My initial research into odour simulations reveals a sad story. Artificial noses are big business; simulated scents are not.
The first artificial nose was apparently developed by Persaud and Dodd in 1982. See this biography of Mr Dodd and his life as a perfume expert. According to Wired, "There are about 1,000 odor-matching proteins, each with a slightly different configuration, scattered across a human's 10 million odor-detecting neurons. (By comparison, a mouse has about 1 million neurons of this type, while a pig boasts 100 million.) When the shape of an odor molecule matches the shape of a protein, the molecules lock together, triggering the neuron, which sends a signal that the brain recognizes as a smell."
There now seems to be a whole industry in artificial noses, which have uses or potential uses in the food and beverage industries, in medical diagnosis, in sensing the escape of chemicals, for military purposes, detecting explosives, etc. They don't seem to be as sensitive as human noses yet, but they don't tire or get head colds, and you can put them in dangerous places. There's even an academic website on electronic noses, listing 16 academic institutes and 20 commercial organisations involved in research in the field.
But these are detecting smells, not making them. The story of simulated smells is sadder.
According to Retrofuture, there were two attempts to simulate smells in the cinema.
(a) Smell-O-Vision, introduced in the 1960 film "Scent of Mystery", used plastic hidden tubes under the seats to pump out selected smells. Bottles of scent were held on a rotating drum and the process was triggered by a signal on the film itself. (This process, it was claimed, would do for the movies what the talkies did in the 20s - introduce a whole new dimension.)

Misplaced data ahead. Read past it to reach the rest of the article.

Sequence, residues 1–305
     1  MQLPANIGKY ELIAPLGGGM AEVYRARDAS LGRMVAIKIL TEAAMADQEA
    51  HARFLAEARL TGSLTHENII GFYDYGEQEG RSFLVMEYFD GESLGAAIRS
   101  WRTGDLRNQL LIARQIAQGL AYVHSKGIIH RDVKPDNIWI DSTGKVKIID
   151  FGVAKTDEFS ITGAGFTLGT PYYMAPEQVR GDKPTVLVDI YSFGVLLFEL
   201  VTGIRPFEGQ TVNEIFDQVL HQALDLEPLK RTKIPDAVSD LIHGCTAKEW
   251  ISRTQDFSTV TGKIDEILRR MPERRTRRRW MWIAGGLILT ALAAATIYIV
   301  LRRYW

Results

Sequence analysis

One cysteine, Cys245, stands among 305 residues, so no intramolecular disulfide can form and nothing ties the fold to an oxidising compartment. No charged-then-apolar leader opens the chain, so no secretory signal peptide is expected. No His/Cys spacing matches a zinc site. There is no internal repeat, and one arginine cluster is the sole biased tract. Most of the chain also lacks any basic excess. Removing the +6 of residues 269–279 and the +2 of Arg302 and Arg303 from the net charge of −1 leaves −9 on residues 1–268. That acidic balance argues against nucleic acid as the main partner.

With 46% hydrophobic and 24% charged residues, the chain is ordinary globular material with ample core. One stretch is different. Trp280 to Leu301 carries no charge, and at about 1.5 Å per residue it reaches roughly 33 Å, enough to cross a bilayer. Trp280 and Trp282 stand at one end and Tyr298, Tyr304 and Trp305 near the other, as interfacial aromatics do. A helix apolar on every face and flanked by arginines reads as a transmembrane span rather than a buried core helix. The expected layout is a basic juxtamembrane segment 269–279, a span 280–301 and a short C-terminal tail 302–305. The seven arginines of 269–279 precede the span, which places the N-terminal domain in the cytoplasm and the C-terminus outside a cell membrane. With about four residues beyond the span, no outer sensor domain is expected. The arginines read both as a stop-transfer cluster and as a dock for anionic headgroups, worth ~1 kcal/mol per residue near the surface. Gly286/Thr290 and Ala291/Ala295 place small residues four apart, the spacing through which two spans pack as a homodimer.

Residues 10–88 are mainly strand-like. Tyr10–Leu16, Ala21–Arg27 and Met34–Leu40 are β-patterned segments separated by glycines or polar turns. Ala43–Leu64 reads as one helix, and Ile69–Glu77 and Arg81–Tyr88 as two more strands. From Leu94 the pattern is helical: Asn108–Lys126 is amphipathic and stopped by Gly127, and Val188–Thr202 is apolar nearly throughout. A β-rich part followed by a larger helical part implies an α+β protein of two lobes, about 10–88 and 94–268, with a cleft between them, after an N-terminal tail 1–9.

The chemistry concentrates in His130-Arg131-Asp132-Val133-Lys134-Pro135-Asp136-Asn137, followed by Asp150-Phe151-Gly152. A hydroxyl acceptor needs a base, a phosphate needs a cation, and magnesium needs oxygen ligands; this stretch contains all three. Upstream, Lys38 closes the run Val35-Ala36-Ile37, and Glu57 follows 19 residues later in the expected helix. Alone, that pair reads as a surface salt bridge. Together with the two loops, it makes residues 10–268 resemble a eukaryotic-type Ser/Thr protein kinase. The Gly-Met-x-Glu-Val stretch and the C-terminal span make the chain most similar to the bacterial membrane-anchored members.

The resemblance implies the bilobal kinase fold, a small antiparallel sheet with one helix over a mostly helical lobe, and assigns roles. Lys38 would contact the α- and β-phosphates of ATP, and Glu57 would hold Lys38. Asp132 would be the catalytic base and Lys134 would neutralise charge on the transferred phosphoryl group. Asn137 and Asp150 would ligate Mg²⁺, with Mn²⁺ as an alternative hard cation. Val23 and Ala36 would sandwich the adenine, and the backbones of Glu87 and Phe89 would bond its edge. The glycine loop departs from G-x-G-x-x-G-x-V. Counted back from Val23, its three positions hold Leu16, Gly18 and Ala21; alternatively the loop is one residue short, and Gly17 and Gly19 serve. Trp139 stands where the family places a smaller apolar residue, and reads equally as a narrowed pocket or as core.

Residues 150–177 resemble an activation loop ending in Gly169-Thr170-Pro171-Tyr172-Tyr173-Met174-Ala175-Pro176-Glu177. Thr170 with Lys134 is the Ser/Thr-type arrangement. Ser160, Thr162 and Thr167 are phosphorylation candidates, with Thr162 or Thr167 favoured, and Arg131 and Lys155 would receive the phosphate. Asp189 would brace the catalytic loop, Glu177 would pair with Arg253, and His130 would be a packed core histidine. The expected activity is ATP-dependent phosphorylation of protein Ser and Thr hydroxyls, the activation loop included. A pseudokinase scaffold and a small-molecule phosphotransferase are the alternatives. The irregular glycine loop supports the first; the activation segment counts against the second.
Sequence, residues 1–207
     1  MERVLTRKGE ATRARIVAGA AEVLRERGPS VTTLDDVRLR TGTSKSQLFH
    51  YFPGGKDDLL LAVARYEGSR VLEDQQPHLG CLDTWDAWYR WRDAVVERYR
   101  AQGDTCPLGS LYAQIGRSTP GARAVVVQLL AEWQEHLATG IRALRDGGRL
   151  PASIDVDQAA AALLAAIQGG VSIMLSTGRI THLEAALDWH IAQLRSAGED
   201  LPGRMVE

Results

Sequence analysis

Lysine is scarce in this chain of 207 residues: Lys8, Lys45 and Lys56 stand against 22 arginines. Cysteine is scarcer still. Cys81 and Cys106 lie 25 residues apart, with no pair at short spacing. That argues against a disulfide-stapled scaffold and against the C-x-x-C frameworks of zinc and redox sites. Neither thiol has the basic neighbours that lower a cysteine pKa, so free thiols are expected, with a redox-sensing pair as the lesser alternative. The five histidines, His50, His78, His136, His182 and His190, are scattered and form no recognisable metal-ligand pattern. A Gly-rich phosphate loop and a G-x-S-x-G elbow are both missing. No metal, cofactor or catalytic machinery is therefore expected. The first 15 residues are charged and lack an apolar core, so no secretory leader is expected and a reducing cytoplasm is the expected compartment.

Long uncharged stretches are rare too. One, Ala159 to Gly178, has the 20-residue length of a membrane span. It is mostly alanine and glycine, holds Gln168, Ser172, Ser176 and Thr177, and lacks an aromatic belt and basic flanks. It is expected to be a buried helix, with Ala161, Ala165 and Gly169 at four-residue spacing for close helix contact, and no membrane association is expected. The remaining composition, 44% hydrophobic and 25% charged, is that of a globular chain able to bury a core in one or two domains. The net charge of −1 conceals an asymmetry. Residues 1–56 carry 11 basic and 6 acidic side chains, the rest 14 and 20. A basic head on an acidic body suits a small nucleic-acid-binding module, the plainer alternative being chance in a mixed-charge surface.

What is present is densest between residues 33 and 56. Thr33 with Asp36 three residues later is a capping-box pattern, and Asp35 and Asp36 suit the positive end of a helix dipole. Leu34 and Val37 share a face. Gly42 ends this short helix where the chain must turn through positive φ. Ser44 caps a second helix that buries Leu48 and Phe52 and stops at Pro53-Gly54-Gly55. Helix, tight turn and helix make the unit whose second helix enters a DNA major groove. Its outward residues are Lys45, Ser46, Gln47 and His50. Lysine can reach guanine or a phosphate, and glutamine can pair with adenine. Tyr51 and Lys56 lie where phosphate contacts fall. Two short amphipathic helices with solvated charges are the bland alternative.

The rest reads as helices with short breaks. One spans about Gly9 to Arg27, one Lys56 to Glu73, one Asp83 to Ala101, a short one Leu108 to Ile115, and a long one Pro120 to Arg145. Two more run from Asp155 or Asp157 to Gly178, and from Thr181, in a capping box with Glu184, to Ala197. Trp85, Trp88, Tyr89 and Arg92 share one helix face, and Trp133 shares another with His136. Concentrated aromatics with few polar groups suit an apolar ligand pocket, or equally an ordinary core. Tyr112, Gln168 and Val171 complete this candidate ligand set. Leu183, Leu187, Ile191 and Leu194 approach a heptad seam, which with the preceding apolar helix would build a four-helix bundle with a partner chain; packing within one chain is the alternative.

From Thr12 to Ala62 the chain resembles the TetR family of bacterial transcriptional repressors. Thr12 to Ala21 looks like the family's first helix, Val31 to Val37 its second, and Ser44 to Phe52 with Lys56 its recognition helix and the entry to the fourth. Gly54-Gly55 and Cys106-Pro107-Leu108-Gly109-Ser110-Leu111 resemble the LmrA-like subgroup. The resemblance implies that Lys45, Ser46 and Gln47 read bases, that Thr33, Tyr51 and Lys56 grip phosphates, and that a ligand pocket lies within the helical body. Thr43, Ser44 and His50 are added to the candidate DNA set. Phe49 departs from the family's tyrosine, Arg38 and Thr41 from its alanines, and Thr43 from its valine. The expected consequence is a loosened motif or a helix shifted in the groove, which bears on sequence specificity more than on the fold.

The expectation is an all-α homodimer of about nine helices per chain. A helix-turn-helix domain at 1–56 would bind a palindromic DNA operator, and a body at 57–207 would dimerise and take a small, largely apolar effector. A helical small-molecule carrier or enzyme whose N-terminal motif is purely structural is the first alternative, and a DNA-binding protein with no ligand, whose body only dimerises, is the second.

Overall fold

(d) In 1981, scratch-and-sniff "Odorama" cards were issued for the film "Polyester".
Neither attempt was a commercial or artistic success. Neither was repeated on a second film.
Wired in 1999 had an article about Digiscents, a product which Wired claimed would 'launch the next web revolution'. This was a box that sat by your PC and used tiny vials of oils, heated selectively in response to signals from the computer, and blown out by a fan. By blending different proportions of just 100 to 200 "scent primaries" the makers claimed to be able to generate billions of smells, just as colours are generated by blending three primary colours.
Alas, by 2005, the digiscents website is little more than a would-be portal advertising perfumes etc. There are quite a few references to the company in 2000, eg when it launched the iSmell. (I'm not making this up...). But then in 2001 the company failed to find second round VC financing to follow the $20 million it reportedly got from angel investors and Pacific Century CyberWorks. (PCCW embarked on a programme of acquisitions at this time which now meakes it the largest telecoms company in Hong Kong, at least according to Wikipedia.. But no mention of smells any more.)
It's a puzzle. Here are three attempts to do the technology, all practical up to a point. (Certainly no less practical than the early sound simulators, ie gramophones.) We could doubtless do it even better today. But no-one wants it.
Interesting entry. The old appliance manufacturer for whom I designed products had a digiscent-style system on a Chinese product around 2000. It used small bead-things though. I might still have the unit, but I never tried the scent beads and might have tossed those - they had a "Spencer's gift store" look to them; very low-brow (fortunately the unit was a giveaway).
In 1981, scratch-and-sniff "Odorama" cards were issued for the film "Polyester".
wrt "Polyester", I have to say that I saw it back in the Spring of '82 as part of a campus event. Quality control for the little cards they handed out may have been an issue. I've sometimes wondered if some mismatches weren't intentional in order to play the audience. In other words, 90% of the crowd would gag at the smell (the screen would flash a number first and then the scene would show the source of the smell) of, for example, manure while a few others in the crowd would indicate that the smell was pleasing. It happened to me as well. Everyone would gag and I was busy enjoying the scent! People would then look at you as if you were disturbed... of course anyone there to see "Polyester" didn't have a finger to point. That almost sounds like something John Waters might do intentionally.